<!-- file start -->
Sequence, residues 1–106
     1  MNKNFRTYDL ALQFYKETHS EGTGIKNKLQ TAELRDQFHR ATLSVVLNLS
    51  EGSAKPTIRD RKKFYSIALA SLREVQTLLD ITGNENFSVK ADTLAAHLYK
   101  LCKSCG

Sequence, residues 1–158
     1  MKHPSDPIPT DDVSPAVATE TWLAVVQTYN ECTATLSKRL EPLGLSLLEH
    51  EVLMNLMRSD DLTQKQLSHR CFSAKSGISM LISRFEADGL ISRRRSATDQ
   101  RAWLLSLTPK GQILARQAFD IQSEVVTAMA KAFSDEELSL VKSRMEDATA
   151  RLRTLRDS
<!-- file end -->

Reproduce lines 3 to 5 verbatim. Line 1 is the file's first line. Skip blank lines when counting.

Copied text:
    51  EGSAKPTIRD RKKFYSIALA SLREVQTLLD ITGNENFSVK ADTLAAHLYK
   101  LCKSCG

Sequence, residues 1–158